Summary: A perspective on Mark 8: 27-38. Our text today marks the end of Jesus’ Galilean ministry and the beginning of his journey to Jerusalem. It describes a transition period, a time of reflection, a time of learning, a time to gather strength and move on.

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Mark 8: 27-38


When we look through the Gospel of Mark we find our text in the middle of his Gospel. He has put it there for a reason. Our text today marks the end of Jesus’ Galilean ministry and the beginning of his journey to Jerusalem. It describes a transition period, a time of reflection, a time of learning, a time to gather strength and move on.

We read from verse 27, And Jesus went on with his disciples, to the villages of Caesarea Philippi; and on the way he asked his disciples, “Who do men say that I am?” And they told him, “John the Baptist; and others one of the prophets.” And he asked them, “But who do you say that I am? Peter answered him, “You are the Christ.” And he charged them to tell no one about him. Jesus and his disciples are moving away from their familiar territory around Lake Galilee. It was in this area that they carried out much of their ministry. Here, Jesus gathered his disciples, healed the sick, fed the hungry, taught the people about the Kingdom of heaven, and gave them peace and hope in their lives. Now, Jesus and his disciples are on the way, they are moving north through the villages of Caesarea Philippi and into the foothills of Mt. Hermon. From there they have a view back down into the region around Lake Galilee, and still further on lies Jerusalem.

They are on the way, a time to reflect back over on their ministry in the region of Galilee. It is also a time to seriously come to terms with their faith in Jesus and what it means to be his disciple. They are experiencing a change in their life. They are moving away from what they know, from what they feel comfortable about, and into the unknown. Jesus is calling his disciples to follow him to Jerusalem. He is calling them to change, to be on the way together with him.

As a congregation we are people on the way too. We are in the midst of change. It has also become a time for us all to reflect back over our ministry, and to examine our faith in Jesus and our relationship to him. Change can be a difficult time. It doesn’t matter who you are whether a student moving from primary school to high school, high school to university or employment, or whether you are moving house, entering the hospital for an operation, or perhaps losing a friend, change involves moving into the unknown. As with all changes brought to us in our life we need to reflect on the pass, draw strength from it and move on. The last sentence makes it all sound so easy, but it’s not.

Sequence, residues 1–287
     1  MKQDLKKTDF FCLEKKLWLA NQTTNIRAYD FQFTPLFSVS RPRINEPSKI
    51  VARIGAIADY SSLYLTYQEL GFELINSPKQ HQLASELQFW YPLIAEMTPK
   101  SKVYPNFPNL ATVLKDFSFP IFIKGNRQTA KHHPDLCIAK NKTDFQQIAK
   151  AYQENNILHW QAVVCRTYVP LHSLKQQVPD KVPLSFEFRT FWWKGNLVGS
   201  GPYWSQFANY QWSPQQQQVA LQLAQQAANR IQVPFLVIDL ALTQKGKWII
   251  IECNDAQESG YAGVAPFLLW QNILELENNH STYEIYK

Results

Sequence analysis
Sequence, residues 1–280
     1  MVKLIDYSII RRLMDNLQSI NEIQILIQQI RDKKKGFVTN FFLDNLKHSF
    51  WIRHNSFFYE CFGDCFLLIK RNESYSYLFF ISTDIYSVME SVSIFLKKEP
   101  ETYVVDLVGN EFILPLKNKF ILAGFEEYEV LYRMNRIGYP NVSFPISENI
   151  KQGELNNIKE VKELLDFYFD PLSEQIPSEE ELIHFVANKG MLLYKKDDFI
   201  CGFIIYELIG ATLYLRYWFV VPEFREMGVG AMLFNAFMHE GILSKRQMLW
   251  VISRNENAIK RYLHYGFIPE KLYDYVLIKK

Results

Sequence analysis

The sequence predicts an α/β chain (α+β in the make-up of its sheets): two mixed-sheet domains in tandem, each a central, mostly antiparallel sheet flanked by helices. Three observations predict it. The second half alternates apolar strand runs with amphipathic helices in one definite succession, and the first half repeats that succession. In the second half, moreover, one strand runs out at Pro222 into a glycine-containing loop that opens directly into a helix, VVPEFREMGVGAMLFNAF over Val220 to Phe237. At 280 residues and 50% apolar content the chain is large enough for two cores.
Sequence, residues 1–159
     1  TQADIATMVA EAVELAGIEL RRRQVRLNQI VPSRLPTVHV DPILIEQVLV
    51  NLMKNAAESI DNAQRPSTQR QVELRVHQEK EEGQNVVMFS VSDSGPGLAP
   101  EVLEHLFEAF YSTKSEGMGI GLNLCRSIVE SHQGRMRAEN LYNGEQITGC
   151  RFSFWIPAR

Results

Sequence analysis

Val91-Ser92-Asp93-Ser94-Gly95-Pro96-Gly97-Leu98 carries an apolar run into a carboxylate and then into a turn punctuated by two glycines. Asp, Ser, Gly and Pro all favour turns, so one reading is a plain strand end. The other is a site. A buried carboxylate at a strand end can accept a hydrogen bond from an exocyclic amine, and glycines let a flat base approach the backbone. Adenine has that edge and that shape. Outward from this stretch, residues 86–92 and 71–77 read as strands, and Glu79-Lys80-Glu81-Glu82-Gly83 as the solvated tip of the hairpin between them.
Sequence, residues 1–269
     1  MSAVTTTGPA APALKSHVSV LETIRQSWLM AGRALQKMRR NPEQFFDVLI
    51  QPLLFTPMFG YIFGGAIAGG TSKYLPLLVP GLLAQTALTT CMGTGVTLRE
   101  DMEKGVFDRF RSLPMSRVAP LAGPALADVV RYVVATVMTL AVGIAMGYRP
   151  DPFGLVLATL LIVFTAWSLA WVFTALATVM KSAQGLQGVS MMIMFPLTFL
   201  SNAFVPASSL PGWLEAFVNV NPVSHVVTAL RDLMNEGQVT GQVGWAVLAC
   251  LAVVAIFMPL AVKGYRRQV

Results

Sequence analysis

God is aware of the difficulties that people have when they are faced with the need to change their life. And so, in our text we find Jesus helping his disciples, preparing them to move on into new experiences. It appears that the disciples don’t really understand what is before them, but none the less, Jesus is on the way with them helping them where they need strength.

It is easier to cope with change for example, when there is a friend at the new school, a friend in the new neighbourhood, a friend at the new sports club, or a friend at the church where one is going for the first time. It is easier to cope with change when a friend has gone before you that can show you the way, the obstacles to avoid and the benefits available.

Jesus is this friend not only for the difficult times but also for every part of our life. How well do you know your friend Jesus? This is the question that Jesus posed to his disciples, “But who do you say that I am?” Peter confessed on behalf of the disciples and answered, “You are the Christ.” Like Peter, there is only one confession, “You are the Christ” but behind it there are so many different meanings depending on one’s personal experience and knowledge of Jesus. For all of us Jesus wants us to have a fuller understanding of him as the Christ so that we can trust him wholeheartedly in all circumstances through life.

Children trust their teacher and open their books to learn. We open our mouth at the dentist because we trust him to remove the toothache. Some people take lessons from the golf professional in order to improve their own game. People generally go to experts for help, and they usually accept it without argument or trying to tell the expert how to do their job. In the same way we all need to trust Jesus, as the Christ who is our saviour. He is the expert in life matters. So when we confess, “You are the Christ” it needs to be a child-like confession that shows trust in Jesus and a willingness to let him take charge of our life.

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